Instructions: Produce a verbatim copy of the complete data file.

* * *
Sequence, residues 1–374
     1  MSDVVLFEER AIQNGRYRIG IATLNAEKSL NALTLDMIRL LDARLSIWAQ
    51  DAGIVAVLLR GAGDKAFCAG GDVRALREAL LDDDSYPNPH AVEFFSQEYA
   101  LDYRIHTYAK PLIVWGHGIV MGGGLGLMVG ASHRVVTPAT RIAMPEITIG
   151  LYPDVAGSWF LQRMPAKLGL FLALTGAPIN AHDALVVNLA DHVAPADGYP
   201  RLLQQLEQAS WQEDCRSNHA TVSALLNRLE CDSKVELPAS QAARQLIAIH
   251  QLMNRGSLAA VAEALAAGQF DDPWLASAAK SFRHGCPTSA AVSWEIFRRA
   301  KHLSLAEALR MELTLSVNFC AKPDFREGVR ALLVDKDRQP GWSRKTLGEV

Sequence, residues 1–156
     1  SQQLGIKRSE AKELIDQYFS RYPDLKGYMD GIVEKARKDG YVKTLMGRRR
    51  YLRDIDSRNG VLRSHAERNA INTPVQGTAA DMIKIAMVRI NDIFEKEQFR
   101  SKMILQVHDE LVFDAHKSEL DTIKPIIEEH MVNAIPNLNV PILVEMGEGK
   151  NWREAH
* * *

Sequence, residues 1–374
     1  MSDVVLFEER AIQNGRYRIG IATLNAEKSL NALTLDMIRL LDARLSIWAQ
    51  DAGIVAVLLR GAGDKAFCAG GDVRALREAL LDDDSYPNPH AVEFFSQEYA
   101  LDYRIHTYAK PLIVWGHGIV MGGGLGLMVG ASHRVVTPAT RIAMPEITIG
   151  LYPDVAGSWF LQRMPAKLGL FLALTGAPIN AHDALVVNLA DHVAPADGYP
   201  RLLQQLEQAS WQEDCRSNHA TVSALLNRLE CDSKVELPAS QAARQLIAIH
   251  QLMNRGSLAA VAEALAAGQF DDPWLASAAK SFRHGCPTSA AVSWEIFRRA
   301  KHLSLAEALR MELTLSVNFC AKPDFREGVR ALLVDKDRQP GWSRKTLGEV

Sequence, residues 1–156
     1  SQQLGIKRSE AKELIDQYFS RYPDLKGYMD GIVEKARKDG YVKTLMGRRR
    51  YLRDIDSRNG VLRSHAERNA INTPVQGTAA DMIKIAMVRI NDIFEKEQFR
   101  SKMILQVHDE LVFDAHKSEL DTIKPIIEEH MVNAIPNLNV PILVEMGEGK
   151  NWREAH